Many cucurbits, such as cucumbers, squashes and pumpkins, depend on pollinating bees in order to set fruit. However, fruit yield and progeny vigor in these plants generally decreases as heterospecific pollen deposition increases. We studied how the spatial area dedicated to cucumbers (Cucumis sativis), versus other flowering plants, influenced the deposition of conspecific and heterospecific pollen on cucumber plants in New York City community gardens. We also examined the effect of garden size on conspecific and heterospecific pollen deposition on cucumber plants. Female flowers were collected from potted cucumber plants that had been experimentally placed into the gardens, specifically for this study, or that were established in raised beds by members of the community garden. In the laboratory, pollen grains were isolated from the flower by acetolysis, and the number of heterospecific and conspecific cucumber pollen grains were quantified.
Conspecific pollen deposition was positively and significantly associated with the size of a community garden, as well as with the area of each garden dedicated to non-cucumber, flowering plants (i.e. floral cover) and the area of each garden dedicated to cucumber plants (i.e. cucumber cover). Although floral cover explained a greater proportion of the variance, cucumber cover had the strongest effect on conspecific pollen deposition. Heterospecific pollen deposition was positively and significantly related to garden area. However, no significant relationship was found between heterospecific pollen deposition and floral cover or cucumber cover. Based upon these results, we hypothesize that floral cover positively impacts conspecific pollen deposition by attracting a greater number of pollinators into an urban garden, and that total cucumber area positively impacts conspecific pollen deposition when pollinators are locally foraging within a garden. We suggest that the arrangement of plants within a garden can positively influence yield in fruit and vegetable-producing plants within urban community gardens. Due to the low availability of fruits and vegetables within the stores of the neighborhoods where this study was conducted, developing a better understanding of those factors that constrain or foster fruit and vegetable production are important to increasing food security and public health.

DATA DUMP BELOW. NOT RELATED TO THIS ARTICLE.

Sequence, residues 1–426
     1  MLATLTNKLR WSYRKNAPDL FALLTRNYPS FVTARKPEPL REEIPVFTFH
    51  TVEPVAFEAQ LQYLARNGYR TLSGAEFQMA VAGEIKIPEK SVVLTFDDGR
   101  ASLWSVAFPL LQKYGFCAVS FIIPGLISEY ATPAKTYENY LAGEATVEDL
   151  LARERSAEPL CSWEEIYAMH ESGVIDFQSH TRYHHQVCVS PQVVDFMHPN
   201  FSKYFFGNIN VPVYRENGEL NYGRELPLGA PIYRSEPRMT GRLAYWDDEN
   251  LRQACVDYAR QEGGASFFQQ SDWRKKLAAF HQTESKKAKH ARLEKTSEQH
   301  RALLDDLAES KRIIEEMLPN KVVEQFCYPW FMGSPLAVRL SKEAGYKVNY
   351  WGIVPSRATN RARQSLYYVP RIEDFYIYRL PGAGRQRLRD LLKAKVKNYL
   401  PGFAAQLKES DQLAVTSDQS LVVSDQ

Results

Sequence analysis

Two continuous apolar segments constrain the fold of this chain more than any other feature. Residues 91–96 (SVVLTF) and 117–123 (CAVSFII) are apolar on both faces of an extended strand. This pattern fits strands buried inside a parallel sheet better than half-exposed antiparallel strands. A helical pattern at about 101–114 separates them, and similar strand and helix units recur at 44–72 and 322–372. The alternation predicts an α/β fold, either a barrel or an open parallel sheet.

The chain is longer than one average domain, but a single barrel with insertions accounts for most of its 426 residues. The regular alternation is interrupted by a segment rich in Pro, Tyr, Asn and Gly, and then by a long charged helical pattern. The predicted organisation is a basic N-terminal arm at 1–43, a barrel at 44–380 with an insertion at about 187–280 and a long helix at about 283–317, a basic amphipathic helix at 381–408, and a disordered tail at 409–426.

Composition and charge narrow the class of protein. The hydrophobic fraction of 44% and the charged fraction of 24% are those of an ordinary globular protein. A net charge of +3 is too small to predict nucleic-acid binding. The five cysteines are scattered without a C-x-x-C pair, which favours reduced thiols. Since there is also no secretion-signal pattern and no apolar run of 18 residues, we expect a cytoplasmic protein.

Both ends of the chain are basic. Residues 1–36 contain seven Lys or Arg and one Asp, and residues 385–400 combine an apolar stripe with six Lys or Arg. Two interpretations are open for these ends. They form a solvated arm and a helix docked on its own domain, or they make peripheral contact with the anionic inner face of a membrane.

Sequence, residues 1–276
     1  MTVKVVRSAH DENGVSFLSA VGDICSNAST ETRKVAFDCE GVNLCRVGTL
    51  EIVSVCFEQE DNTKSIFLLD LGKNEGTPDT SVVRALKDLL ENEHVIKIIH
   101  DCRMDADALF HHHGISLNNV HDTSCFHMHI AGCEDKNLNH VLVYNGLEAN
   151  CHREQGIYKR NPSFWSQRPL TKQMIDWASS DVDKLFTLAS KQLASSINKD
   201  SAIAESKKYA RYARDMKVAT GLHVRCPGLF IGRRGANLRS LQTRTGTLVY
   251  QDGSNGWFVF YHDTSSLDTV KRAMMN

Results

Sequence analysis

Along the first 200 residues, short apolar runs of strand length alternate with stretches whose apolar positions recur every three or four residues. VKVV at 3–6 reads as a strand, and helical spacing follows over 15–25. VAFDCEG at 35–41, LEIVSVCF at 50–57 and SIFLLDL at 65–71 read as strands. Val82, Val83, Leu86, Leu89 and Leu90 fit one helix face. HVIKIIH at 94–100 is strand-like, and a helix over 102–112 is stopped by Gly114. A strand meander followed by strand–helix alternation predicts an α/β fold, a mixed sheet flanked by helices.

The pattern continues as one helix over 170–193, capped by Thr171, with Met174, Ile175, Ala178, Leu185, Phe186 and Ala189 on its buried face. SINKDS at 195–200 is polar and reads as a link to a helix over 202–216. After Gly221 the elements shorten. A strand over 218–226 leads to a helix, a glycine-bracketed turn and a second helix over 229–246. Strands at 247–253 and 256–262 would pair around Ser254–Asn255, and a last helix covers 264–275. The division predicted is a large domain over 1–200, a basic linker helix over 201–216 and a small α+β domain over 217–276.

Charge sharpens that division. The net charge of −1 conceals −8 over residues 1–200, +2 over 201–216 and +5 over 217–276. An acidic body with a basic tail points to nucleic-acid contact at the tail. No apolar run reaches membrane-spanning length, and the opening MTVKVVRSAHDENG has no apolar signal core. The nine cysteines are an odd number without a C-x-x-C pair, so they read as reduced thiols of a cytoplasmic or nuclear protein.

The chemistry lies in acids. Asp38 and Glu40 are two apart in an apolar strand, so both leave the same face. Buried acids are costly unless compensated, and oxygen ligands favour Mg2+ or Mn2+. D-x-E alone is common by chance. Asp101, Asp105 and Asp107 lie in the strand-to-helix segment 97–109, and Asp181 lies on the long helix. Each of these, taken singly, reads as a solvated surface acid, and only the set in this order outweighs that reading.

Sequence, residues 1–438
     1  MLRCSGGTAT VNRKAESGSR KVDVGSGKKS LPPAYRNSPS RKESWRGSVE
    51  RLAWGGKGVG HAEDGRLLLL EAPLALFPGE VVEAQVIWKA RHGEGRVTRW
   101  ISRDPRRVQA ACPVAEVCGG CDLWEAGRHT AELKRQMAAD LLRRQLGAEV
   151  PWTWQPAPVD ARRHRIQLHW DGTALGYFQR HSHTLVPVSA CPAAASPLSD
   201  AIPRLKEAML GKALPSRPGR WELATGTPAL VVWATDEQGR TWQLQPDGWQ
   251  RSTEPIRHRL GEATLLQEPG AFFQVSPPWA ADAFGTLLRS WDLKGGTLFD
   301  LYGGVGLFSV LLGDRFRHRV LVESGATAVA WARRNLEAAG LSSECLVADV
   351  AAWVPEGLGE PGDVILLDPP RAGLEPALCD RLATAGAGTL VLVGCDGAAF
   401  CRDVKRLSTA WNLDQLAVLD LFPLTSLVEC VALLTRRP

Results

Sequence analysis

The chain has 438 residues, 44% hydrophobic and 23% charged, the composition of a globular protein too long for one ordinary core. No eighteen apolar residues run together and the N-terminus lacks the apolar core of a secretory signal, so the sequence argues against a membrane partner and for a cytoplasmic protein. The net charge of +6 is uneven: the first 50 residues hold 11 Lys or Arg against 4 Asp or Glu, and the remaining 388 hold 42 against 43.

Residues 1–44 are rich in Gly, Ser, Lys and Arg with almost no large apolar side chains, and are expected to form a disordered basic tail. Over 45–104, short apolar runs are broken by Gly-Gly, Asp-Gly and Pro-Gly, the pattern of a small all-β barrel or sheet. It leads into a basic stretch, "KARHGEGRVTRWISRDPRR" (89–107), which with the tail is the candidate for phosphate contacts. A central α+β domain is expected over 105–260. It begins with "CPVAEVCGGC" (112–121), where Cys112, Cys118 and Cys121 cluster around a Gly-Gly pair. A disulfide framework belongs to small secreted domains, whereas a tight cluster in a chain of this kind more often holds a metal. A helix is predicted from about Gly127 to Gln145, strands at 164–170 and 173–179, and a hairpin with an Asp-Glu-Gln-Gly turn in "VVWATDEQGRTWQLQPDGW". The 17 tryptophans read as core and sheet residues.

Werrell, Peter A.; Langellotto, Gail A.; Morath, Shannon U.; and Matteson, Kevin C.
"The Influence of Garden Size and Floral Cover on Pollen Deposition in Urban Community Gardens,"
Cities and the Environment (CATE):
1, Article 6.
Available at: http://digitalcommons.lmu.edu/cate/vol2/iss1/6